“Latin America is one of the last frontiers where everything is completely ‘legacy.’ The technology is fragmented and unstandardized. It’s been a blank canvas,” Kushki CEO Aron Schwarzkopf told Karen Webster.
Local firms want to enable digital payments amid the pandemic, connecting consumers and devices in a way that enables pan-LatAm commerce — mirroring the ease at which, say, a U.S. consumer in California orders a book from a shop in New York.
Easier said than done for the payments service providers who seek to link merchants to wallets and alternative payments with which consumers want to pay. Infrastructure is fragmented, said Schwarzkopf, where payments functionality varies from country to country.
Kushki’s platform, Schwarzkopf told Karen Webster, enables service providers to bring local and cross-border payments to Latin American firms and global firms which, otherwise, would have to establish a country-by-country presence with local banks and regulatory authorities. The value (and potential) in reducing the fragmentation may be reflected in the financial backing of marquee investors.
As reported Tuesday (June 1), Kushki said it had raised $86 million in a Series B round from investors, including SoftBank Latin America Fund, along with previous investors including DILA Capital, Kaszek Ventures, Clocktower Ventures and Magma Partners. The capital raised valued Kushki at $600 million.
Neobanks, FinTechs and incumbent legacy lenders all jockeying for mind share and wallet share amidst the great digital shift. While conventional wisdom often assumes that Latin American consumers don’t have bank accounts or use credit cards very often, Schwarzkopf said that is where the opportunity lies.
In fact, he said, LatAm stands among the highest growth regions for Visa and Mastercard, although like much of the rest of the world, debit transactions are outpacing credit spending in the region — at least for now.
Timing Is Everything
The pandemic has provided a tailwind too, which Schwarzkopf described as having an “exponential effect of digitization of transactions.”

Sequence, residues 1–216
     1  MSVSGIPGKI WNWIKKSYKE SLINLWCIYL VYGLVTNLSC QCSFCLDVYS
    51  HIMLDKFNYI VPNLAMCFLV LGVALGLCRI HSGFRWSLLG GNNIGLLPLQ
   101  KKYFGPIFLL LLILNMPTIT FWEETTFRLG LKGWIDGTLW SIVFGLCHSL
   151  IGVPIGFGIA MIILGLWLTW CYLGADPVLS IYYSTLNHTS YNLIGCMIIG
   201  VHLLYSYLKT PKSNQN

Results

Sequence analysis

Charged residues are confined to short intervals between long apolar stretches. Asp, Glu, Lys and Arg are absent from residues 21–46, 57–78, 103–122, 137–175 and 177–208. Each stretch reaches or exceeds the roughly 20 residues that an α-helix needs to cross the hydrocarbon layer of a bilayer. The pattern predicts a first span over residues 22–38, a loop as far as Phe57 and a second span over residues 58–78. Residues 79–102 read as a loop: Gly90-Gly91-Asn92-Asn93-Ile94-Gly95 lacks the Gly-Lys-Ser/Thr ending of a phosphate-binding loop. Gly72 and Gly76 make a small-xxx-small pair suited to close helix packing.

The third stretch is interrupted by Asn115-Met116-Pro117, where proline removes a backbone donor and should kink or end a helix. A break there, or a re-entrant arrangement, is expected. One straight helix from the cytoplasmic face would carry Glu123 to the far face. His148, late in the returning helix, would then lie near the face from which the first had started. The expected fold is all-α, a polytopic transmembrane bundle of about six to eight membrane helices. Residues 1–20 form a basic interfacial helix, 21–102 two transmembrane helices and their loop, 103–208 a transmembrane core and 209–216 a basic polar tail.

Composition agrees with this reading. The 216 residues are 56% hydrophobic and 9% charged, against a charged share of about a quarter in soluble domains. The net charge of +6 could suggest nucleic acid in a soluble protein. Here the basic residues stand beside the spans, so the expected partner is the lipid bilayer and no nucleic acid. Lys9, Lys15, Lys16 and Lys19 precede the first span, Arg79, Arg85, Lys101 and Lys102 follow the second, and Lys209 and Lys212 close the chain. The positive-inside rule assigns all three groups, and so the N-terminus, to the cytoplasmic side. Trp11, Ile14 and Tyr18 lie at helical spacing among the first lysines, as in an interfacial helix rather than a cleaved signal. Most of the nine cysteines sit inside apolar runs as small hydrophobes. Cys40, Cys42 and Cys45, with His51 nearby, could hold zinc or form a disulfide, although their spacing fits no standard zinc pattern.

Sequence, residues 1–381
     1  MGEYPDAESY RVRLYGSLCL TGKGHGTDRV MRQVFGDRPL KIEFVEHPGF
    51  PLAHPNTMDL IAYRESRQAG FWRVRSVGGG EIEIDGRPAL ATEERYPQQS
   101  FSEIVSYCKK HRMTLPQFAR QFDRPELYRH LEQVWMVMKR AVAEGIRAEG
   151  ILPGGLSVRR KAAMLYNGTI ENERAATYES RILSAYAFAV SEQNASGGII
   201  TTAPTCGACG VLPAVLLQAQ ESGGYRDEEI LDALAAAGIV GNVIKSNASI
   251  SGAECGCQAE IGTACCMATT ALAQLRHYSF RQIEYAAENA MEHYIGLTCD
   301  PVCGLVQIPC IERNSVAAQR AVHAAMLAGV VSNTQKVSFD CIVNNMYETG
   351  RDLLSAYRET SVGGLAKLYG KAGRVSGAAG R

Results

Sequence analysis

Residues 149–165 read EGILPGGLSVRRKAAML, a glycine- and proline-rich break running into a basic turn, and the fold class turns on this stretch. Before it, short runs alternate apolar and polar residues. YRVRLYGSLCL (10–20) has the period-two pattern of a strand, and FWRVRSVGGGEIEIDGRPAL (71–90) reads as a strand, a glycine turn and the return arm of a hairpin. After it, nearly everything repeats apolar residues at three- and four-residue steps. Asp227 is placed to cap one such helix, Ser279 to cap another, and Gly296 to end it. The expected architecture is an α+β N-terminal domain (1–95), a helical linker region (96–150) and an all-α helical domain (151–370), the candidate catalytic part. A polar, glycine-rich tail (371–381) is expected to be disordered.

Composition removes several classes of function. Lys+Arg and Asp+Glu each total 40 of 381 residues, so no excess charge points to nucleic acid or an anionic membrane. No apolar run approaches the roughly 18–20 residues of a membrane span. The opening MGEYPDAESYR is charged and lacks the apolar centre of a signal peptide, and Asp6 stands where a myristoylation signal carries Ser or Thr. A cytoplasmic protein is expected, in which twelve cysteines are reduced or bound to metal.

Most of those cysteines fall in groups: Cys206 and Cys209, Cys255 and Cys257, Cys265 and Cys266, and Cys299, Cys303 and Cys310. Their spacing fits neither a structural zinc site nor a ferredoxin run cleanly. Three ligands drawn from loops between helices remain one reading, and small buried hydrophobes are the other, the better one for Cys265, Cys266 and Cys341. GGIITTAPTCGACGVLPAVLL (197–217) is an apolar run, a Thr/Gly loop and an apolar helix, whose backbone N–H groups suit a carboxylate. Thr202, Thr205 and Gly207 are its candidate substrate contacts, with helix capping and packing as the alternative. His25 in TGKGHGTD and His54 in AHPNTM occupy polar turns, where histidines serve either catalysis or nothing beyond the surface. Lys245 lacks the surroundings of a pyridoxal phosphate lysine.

He told Webster that Kushki’s platform offers card and alternative payment processing, regulatory, compliance, onboarding, underwriting, checkout and other services through a single application programming interface (API). That API essentially rebuilds the domestic payments pipelines and infrastructure in domestic schemes and linking countries, eliminating the fragmentation that has been the enemy of innovation. Offering what might be thought of as “LatAm payments in a box,” with connectivity via API, Kushki paves the way for broader payments acceptance.
“This has allowed us to innovate quite a bit in alternative payments that are in turn being leveraged by financial technology players,” as they enable cross-border eCommerce or create neobanks and alternative lending products, localized and in real time. Schwarzkopf said Kushki has also worked with central banks and ACH systems on a country-by-country basis to bring more payments onto real-time rails.
The Northern Hemisphere has already been done and the technical heavy lifting completed.
But in Latin America, Schwarzkopf said, when it comes to enabling regional online payments, there are no constraints or gigantic players who have carved out territories or market share across trillions of dollars’ worth of third-party verification (TPV). While other firms have tried and failed to modernize payments in Latin America, Schwarzkopf noted that Kushki’s predecessors were smaller, local enterprises hamstrung by lack of resources and technology issues.
It’s only been in the last decade, he said, that collaboration between traditional incumbents and nimble tech firms have taken shape, jointly working to move payments from cash into the digital realm. Thus, utility companies and governments can broaden acceptance — not just of card payments, but of all types of payments (from bank transfers to digital wallets) — in an interoperable way that crosses borders.
Kushki, he said, has been building infrastructure, in many cases, in partnership with the single payment processor or, perhaps, the two payment processors that have existed in each market for years but don’t have the technology needed to solve infrastructure challenges as payments go increasingly online.
As for enabling incumbents to join the digital revolution: traditional banks are in self-preservation mode. Most of them are not publicly listed, are not beholden to shareholders, and historically have been loath to take risks or innovate.
They’ve typically, according to Schwarzkopf, pushed financial services to the “bottom of the pyramid” when it comes to customer services, but that is changing as a result of competitive pressures. Interestingly, in Latin America, services such as buy now, pay later (BNPL) have found firm entrenchment well before other regions such as Europe or North America.
The company said that the investment would be directed to fuel an “aggressive team expansion” throughout LatAm, including the development team; in terms of regional roadmap, the firm will focus on new markets, including Brazil and Central America.
As Schwarzkopf told Webster: “We decided to go down to Latin America and build a company — and four years later, we have north of a half a billion-dollar firm,” he said of the recent fundraising and valuation. “Our philosophy has been the standardization and killing of fragmentation in Latin America. And that comes with ubiquity of payments.”